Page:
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Catalog of Invasive Plant Species
of the United States

During the past decade, awareness has been raised of the economic and ecological damage that is caused by invasive plants in the United States. Invasive plants have been introduced into the United States from other countries and have rapidly spread throughout the nation's cropland and ecological communities. These plants lack natural herbivores and parasites to limit their population size and are quickly able to dominate their new habitats. Every state has been affected by invasive species, costing the United States billions of dollars annually in agricultural losses and control measures.

Thousands of plants have been introduced into the United States, but not all of them have become aggressive invaders. Common attributes of invasive species include rapid growth, short life-cycles (the ability to germinate, grow, flower, and produce seeds rapidly), and abundant seed production. These attributes allow these plants to displace native species and disrupt the normal functioning of ecosystems. Wildlife that depends on native plants for food and shelter are also adversely affected.

Invasive plants are a threat to biodiversity and can be found in nature preserves across the world. The Florida Everglades has already lost hundreds of thousands of acres to the invasive melaleuca (Melaleuca quinquenervia), resulting in huge losses of native plant and animal biodiversity. Scientists fear that this reduction in biodiversity can lead to the homogenization of the world's flora and the extinction of many native plant species.

Herbarium collections present a unique historical record of the introduction and spread of these invasive plant species. A herbarium specimen can help determine the time and place of introduction of a non-native plant and subsequent collections can then document its diffusion. In an effort to make these data more easily accessible, The New York Botanical Garden has begun databasing its holdings of invasive plant species. The basis for inclusion of a species in our database is the Federal Noxious Weed List and/or the State List of Regulated Noxious Weeds, both published by the United States Department of Agriculture.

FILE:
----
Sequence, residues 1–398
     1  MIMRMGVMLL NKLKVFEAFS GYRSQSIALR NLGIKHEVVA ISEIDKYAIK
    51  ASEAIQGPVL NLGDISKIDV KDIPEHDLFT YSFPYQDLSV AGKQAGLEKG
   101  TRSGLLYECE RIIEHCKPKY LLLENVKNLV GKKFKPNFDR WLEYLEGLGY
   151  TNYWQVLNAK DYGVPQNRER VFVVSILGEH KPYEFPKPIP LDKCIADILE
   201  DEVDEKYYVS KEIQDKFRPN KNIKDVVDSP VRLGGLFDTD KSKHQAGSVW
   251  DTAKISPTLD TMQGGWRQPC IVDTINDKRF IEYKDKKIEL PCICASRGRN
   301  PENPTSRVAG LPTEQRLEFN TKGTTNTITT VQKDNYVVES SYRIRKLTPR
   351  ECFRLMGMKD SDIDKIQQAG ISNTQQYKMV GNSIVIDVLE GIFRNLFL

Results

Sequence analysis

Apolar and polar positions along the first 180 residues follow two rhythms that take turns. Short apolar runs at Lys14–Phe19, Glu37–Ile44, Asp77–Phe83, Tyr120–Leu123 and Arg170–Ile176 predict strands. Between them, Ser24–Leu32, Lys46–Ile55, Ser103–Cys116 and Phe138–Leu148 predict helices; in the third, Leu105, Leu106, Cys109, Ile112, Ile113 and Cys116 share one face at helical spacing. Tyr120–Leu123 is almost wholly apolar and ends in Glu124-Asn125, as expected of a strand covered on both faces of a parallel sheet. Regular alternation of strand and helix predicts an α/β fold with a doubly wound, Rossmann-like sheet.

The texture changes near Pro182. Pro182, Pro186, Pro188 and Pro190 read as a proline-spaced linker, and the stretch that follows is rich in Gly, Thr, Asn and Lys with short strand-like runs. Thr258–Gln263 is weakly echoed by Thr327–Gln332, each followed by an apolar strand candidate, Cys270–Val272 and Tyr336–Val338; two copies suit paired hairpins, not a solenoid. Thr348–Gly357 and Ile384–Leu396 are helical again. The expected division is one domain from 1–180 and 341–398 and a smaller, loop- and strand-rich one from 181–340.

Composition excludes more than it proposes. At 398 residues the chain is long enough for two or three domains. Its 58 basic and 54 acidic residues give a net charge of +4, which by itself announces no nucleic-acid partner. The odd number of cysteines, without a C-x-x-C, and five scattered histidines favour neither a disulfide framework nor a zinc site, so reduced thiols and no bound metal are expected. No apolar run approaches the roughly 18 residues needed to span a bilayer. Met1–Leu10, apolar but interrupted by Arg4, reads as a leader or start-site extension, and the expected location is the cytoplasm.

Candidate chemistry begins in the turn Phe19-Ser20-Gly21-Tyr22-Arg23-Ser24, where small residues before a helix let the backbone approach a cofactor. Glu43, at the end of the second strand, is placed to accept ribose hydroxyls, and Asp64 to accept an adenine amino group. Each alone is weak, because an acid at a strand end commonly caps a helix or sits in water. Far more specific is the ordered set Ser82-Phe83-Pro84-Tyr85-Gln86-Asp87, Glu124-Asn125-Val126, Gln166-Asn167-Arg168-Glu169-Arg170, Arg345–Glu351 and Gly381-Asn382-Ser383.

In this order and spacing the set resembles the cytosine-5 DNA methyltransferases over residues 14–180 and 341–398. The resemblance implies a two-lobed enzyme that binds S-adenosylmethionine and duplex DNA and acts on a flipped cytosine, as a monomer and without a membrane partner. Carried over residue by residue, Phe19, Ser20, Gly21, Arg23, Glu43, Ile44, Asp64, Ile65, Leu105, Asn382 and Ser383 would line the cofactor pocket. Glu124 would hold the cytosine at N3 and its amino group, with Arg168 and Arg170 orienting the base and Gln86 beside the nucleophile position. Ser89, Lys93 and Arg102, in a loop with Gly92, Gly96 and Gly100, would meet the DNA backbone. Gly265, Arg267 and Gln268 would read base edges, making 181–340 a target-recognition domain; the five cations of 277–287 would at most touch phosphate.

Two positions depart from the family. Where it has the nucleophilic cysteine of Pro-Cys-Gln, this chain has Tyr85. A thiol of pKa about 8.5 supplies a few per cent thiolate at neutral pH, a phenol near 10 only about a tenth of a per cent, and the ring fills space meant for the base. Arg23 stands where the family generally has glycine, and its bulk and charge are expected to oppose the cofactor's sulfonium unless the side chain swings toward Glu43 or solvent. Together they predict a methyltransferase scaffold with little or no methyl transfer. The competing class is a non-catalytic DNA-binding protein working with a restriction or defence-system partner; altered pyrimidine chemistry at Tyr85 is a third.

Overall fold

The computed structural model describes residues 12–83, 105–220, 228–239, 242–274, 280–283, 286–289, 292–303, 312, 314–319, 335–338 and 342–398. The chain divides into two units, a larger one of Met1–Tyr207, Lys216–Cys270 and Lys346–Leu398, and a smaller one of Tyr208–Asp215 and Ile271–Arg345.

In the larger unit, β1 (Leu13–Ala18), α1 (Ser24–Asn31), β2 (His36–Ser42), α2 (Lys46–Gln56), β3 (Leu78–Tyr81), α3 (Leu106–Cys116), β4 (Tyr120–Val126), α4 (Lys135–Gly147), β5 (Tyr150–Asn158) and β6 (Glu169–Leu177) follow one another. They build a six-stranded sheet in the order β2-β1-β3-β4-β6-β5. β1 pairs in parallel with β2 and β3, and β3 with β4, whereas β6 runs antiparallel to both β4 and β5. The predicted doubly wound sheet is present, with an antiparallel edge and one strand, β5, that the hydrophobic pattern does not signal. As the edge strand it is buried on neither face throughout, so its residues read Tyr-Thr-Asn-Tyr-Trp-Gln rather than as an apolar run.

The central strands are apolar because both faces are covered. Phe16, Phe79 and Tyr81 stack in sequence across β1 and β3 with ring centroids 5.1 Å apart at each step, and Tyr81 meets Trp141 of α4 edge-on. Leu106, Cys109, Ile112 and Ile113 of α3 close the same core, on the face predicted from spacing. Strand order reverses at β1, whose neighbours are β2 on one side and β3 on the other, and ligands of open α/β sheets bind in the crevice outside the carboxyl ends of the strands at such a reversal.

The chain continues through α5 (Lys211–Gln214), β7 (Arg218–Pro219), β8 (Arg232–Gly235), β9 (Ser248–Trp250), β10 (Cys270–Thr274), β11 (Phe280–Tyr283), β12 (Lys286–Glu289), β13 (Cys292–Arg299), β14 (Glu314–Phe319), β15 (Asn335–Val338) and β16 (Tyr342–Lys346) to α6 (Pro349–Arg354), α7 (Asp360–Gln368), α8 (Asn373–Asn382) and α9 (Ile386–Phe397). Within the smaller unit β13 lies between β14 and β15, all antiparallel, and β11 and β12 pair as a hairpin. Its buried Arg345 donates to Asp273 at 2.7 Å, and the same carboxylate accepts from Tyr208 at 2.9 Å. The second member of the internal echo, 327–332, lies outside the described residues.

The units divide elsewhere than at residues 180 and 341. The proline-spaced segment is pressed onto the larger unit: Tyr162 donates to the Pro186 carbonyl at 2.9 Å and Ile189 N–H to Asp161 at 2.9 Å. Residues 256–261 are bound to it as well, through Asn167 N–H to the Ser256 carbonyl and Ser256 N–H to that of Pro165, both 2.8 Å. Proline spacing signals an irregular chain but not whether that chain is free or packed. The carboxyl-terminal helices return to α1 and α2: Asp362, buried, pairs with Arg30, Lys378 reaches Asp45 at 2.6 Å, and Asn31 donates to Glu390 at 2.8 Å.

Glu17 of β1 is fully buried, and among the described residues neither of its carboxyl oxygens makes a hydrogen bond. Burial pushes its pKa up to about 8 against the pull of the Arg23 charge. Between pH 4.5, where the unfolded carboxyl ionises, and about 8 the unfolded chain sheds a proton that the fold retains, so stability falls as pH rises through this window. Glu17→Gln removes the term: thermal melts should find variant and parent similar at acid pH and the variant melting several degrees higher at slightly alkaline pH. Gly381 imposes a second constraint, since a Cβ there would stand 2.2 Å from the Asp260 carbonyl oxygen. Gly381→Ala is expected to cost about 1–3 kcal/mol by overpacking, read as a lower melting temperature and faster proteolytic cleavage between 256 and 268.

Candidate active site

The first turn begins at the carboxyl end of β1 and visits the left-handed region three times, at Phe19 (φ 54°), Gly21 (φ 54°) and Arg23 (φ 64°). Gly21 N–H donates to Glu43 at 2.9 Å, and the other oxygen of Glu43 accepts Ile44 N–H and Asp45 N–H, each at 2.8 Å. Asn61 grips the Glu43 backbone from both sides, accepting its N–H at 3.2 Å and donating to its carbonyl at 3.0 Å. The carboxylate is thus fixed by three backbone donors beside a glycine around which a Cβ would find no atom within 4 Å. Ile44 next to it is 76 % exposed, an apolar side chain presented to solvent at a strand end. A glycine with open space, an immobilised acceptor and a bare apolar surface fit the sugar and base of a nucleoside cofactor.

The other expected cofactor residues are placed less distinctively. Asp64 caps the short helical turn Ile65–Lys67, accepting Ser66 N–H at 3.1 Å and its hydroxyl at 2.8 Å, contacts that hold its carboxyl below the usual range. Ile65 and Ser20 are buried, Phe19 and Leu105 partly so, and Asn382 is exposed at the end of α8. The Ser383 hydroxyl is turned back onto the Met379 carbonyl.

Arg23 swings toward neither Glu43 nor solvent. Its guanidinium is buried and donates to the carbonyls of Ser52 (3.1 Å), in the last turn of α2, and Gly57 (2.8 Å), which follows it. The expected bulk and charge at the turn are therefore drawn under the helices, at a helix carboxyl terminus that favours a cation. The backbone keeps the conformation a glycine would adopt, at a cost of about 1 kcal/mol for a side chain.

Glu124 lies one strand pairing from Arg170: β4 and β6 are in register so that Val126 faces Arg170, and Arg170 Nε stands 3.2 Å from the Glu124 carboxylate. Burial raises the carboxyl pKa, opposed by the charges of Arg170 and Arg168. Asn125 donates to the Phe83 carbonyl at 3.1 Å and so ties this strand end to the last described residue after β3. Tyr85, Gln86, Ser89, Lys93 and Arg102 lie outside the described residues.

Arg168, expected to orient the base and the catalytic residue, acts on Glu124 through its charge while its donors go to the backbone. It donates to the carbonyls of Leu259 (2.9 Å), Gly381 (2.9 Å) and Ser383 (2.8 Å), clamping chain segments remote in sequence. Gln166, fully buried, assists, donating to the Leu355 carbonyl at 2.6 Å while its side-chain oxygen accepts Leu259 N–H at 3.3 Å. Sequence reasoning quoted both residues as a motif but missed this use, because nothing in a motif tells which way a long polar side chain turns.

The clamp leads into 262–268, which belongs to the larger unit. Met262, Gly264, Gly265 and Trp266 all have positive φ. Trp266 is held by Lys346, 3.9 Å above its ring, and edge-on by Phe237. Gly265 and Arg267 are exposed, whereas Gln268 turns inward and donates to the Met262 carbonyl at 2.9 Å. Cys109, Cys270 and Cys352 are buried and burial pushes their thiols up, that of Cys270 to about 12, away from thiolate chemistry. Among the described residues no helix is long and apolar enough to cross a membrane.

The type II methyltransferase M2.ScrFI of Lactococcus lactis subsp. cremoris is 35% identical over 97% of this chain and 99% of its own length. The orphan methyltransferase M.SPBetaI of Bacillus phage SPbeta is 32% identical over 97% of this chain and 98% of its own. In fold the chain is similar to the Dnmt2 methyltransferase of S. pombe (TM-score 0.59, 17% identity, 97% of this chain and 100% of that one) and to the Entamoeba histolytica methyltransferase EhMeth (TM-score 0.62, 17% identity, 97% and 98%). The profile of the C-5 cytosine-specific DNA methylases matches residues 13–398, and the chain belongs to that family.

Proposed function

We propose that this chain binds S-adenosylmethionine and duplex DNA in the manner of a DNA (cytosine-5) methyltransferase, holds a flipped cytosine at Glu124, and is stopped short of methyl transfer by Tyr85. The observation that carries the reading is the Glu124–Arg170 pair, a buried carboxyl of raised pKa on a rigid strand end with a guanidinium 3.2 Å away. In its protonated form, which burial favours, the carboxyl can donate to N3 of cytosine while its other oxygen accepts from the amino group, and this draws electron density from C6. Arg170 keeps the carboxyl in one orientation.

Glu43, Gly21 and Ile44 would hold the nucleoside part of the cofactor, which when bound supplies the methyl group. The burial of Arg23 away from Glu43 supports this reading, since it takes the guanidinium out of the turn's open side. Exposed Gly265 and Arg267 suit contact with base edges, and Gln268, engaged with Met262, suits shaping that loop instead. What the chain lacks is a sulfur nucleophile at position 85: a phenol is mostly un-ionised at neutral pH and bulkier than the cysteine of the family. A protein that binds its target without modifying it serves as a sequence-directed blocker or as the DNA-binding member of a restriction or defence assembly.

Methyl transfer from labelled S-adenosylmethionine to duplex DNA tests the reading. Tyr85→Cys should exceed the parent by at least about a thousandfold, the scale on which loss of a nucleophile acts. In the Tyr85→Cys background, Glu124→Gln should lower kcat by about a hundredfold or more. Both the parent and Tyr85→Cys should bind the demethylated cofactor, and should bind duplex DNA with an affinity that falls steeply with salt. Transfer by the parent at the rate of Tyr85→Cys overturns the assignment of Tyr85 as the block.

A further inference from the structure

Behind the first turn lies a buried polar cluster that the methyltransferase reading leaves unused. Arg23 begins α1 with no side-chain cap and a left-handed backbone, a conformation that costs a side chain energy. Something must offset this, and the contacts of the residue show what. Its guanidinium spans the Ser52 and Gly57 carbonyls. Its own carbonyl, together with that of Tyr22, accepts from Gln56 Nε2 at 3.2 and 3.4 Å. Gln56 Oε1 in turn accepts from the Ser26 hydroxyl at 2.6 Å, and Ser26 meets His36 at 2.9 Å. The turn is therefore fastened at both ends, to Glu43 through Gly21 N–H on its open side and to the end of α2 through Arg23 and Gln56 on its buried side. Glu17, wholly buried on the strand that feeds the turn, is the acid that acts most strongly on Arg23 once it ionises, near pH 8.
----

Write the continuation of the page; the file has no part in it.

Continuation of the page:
List of taxa available in the catalog

To search the Invasive Species Catalog by the name of the plant (family, genus, species, or subspecific epithet), author, collector, collector number, barcode number, or type status, use the Basic Search box below. To search one or more specific fields in the database, choose the Detailed Search.

 Basic Search


 Advanced Search
(most recent determination)
Scientific Name
(most recent determination)
Searches the genus, species, infraspecies, and author abbreviations of a name.
(most recent determination)
(most recent determination)
(most recent determination)
(all determinations)
Scientific Name
(all determinations)
Searches the genus, species, infraspecies, and author abbreviations of a name.
(all determinations)
(all determinations)
(all determinations)
Common Name
Determiner Searches initials and last name.
Collector Searches initials and last name.
Collection Number
Collection Date
(dd mm yyyy)
One or more may be used to search the collection date.
Continent Examples: Africa, Antarctica, Asia, Central America, Europe, North America, Oceania, South America, West Indies
Country Avoid abbreviations. Examples: Netherlands Antilles; Papua New Guinea; Philippines; United States of America
State/Province Avoid abbreviations. Examples: Mato Grosso do Sul; Nevada; Santa Catarina
Precise Location
Plant Description
Barcode Unique NY-assigned specimen barcode number
Type Status "Holotype," "Isotype," etc.
Records with Images Limits searches to only those records with images or other multimedia attachments.
Records Per Page

Search Tips

Searches in the Virtual Herbarium are by default word-based. The fastest searches are made by using whole words as the criteria. Wildcard characters can be used to find partial words, but search times will be significantly longer.

Use an asterisk (*) as a substitute for any number of characters in a word. (Example: "South*" in the Province/State field will return specimen records from "South Dakota," "South Carolina," etc.)

Use an exclamation mark before a word to specifically exclude that word from the search. (Example: "Rorippa" in the Genus field and "!austriaca" in the Species field will return all records of Rorippa except Rorippa austriaca.)

Use quotation marks to search for exact phrases. Words not enclosed by quotation marks will be used to return records with all of the words, but not necessarily in the order typed.

*The Scientific Name field searches the genus, species, infraspecies, and author abbreviations of a name.
Example 1: the search term "repens" finds specimens of Centaurea repens and Ranunculus repens.
Example 2: the term "Trin." finds specimen records of numerous taxa described by Carl Bernhard von Trinius.

Author abbreviations can be found using Harvard University Herbaria's Index of Botanists.

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